NAC files, lot 60 D 137, “Documents”

Position Paper Prepared in the National Advisory Council on International Monetary and Financial Problems1

for nac use only
Document No. 1657

U.S. Position for OEEC Ministerial Meeting on Problems of Convertibility

1. U.S. recognizes the importance of OEEC as an effective forum for coordinating work on international trade and payments of European member countries and their internal economic policies, particularly during the impending transition to currency convertibility and liberalization of imports on a global basis. It appreciates the desirability of preserving and strengthening the real gains which trade liberalization has brought for the OEEC countries and attaches importance in this connection to the willingness which this homogeneous group of countries have previously demonstrated in this forum to abide by quite rigid trade rules and to submit internal policies to continuous and intensive multilateral review.

2. Closer liaison should be maintained with the IMF and GATT, including greater participation as appropriate of IMF and GATT representatives in the work of the OEEC in the trade and payments field. Approaches to the IMF for drawings or stand-by arrangements should be made by member countries and not by OEEC as such.

3. The OEEC should undertake a firm commitment to establish global trade liberalization programs for member countries to be approved at its next Ministerial Meeting this coming fall. These programs should involve (a) immediate steps for moving ahead toward full intra-European and dollar liberalization as rapidly as balance of payments positions permit and (b) provisions for the control of deliberalization if subsequent developments require.

[Page 367]

These programs should not be spelled out in detail in this meeting. However, the OEEC rules should provide, subject to appropriate escape clauses, a general policy of non-discrimination as between currency areas in new measures of liberalization or deliberalization following a general move toward convertibility. The OEEC rules should also seek progressive elimination of existing discrimination by increasing liberalization toward the dollar area without impairment of existing intra-European liberalization. These rules could well call for the elimination of discrimination by convertible countries within a reasonable period of time, and in the case of the inconvertible countries, could involve a reduction in trade barriers and a reduction in discrimination looking toward the introduction of full convertibility as rapidly as feasible. In formulating and operating the escape clauses referred to above, full consideration would be given to the effect of the new rules on the balance of payments of OEEC countries, on progress toward higher levels of trade and on the integration of Europe.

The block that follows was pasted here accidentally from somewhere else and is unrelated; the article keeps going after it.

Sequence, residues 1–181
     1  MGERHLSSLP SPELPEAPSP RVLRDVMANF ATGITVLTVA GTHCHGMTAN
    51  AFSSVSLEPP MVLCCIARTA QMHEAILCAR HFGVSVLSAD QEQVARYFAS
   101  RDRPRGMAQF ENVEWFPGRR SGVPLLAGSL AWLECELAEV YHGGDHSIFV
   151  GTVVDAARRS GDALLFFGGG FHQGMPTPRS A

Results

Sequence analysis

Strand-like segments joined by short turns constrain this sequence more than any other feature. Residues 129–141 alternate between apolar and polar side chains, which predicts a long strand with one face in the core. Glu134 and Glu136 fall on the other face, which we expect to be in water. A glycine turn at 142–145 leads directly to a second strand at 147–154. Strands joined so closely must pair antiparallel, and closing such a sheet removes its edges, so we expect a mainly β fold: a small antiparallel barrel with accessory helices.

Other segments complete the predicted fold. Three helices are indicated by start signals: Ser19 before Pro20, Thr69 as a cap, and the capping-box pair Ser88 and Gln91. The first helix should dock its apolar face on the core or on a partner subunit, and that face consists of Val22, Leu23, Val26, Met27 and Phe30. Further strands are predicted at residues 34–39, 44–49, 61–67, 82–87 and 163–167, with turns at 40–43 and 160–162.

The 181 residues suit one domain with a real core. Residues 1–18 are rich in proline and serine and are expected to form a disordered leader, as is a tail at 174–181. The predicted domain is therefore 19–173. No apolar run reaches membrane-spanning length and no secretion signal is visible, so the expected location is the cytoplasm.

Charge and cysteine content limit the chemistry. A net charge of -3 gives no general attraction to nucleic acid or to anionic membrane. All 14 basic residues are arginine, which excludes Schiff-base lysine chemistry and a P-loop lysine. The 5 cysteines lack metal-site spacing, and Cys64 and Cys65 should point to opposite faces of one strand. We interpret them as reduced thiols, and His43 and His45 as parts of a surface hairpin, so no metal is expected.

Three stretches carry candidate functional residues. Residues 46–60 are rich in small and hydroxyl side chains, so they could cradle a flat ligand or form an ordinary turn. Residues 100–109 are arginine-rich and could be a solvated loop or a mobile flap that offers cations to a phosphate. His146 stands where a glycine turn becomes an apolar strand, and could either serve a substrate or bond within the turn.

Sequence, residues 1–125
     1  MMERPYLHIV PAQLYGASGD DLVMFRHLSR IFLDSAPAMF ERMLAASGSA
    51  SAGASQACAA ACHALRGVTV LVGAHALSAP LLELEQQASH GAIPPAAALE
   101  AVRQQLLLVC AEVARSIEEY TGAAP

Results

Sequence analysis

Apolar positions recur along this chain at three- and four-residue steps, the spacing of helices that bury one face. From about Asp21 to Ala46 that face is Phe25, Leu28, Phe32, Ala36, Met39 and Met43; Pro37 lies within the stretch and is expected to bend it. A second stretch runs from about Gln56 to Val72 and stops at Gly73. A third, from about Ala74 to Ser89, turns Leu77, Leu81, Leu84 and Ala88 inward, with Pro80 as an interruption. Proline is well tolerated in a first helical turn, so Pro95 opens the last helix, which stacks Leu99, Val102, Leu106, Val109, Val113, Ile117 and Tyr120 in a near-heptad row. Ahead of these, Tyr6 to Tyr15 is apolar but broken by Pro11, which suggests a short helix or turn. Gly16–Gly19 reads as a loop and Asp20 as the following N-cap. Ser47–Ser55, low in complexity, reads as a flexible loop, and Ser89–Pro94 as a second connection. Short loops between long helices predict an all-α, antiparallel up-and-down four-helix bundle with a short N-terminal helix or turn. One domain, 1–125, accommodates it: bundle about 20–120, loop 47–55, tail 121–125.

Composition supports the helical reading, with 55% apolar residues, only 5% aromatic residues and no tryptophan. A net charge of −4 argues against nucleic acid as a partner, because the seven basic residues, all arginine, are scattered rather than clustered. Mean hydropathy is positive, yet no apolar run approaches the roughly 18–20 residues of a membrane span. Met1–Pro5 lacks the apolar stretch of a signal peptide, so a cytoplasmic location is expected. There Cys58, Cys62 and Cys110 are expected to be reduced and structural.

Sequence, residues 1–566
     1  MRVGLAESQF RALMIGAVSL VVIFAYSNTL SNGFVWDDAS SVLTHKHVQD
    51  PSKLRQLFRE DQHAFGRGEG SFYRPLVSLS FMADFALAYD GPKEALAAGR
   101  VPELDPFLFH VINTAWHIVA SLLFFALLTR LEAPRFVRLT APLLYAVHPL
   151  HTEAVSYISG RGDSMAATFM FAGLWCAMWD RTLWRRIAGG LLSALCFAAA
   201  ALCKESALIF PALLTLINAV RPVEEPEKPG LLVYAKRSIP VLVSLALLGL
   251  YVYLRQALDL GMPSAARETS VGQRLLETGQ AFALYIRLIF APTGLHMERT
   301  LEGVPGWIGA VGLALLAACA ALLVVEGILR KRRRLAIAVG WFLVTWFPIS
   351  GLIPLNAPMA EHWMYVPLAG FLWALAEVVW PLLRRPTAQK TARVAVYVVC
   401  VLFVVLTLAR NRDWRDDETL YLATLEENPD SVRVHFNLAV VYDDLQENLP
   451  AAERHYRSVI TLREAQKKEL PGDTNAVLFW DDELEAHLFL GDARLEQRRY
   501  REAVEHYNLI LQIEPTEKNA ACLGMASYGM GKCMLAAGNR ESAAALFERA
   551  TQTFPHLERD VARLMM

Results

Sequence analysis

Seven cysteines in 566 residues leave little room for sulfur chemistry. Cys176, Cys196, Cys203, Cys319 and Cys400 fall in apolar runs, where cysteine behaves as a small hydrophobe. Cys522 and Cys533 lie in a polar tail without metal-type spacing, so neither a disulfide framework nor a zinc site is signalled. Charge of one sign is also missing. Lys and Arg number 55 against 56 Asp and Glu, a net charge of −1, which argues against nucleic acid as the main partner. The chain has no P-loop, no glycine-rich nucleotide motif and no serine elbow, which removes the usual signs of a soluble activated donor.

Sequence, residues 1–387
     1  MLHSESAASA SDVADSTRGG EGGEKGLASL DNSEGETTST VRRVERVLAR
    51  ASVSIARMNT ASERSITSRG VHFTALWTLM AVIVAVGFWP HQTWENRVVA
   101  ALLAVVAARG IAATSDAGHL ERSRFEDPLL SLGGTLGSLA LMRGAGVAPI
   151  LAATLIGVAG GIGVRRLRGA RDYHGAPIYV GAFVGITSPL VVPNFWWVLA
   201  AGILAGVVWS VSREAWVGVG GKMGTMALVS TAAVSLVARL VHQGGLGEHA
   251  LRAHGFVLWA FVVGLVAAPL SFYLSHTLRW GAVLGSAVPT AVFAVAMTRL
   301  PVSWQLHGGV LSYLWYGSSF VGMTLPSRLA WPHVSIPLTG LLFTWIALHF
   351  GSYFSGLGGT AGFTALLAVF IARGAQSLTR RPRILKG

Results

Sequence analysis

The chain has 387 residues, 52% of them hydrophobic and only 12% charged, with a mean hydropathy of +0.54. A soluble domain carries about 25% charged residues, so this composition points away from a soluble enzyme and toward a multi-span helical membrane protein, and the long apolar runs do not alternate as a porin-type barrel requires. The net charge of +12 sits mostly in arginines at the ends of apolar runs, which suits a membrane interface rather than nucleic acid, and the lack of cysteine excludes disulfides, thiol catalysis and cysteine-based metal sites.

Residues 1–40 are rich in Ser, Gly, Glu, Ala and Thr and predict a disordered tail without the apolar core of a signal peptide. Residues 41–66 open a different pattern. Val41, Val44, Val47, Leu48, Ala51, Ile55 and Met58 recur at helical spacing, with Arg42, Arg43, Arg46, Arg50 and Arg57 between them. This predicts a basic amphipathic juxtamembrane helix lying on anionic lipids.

The program should be harmonized with existing member commitments to the GATT, should not prejudice GATT discussions re organization and trade rules and should be reexamined automatically in the light of new agreements as they are reached in the GATT. The programs should not preclude the stronger countries from moving more rapidly toward liberalization and non-discrimination nor should they prejudice arrangements which may be made in connection with drawings and stand-by arrangements from the IMF.

4. A European Fund should be set up under OEEC auspices through the use of the convertible capital assets of the EPU remaining at the time of liquidation in order to facilitate adequate temporary financing for liberalization programs of member countries. The U.S. would welcome contributions by the stronger European countries of additional financial and credit facilities on a multilateral basis to assist the weaker countries to maintain liberalized trading arrangements.

5. The work of the IMF and GATT and that of the OEEC in this field will necessarily be closely coordinated. This must be accomplished primarily through effective coordination of the positions taken in each forum by the individual countries concerned, nearly all of whom do participate in all three organizations. In this field the U.S. will, of course, continue to associate itself closely with the OEEC, as it has in the past, and to provide full support and cooperation on problems of common interest. The U.S. preliminary inclination, as expressed in instructions for the Alternates Meeting, was not to favor additional international organizations but rather improve working arrangements and coordination among international [Page 368] organizations now dealing with these relations. Coordination might be further facilitated by improving and strengthening the administrative machinery of the GATT, and improvement of the procedure for consultation between the IMF and GATT. (Additional statement illustrating improved procedures in preparation.)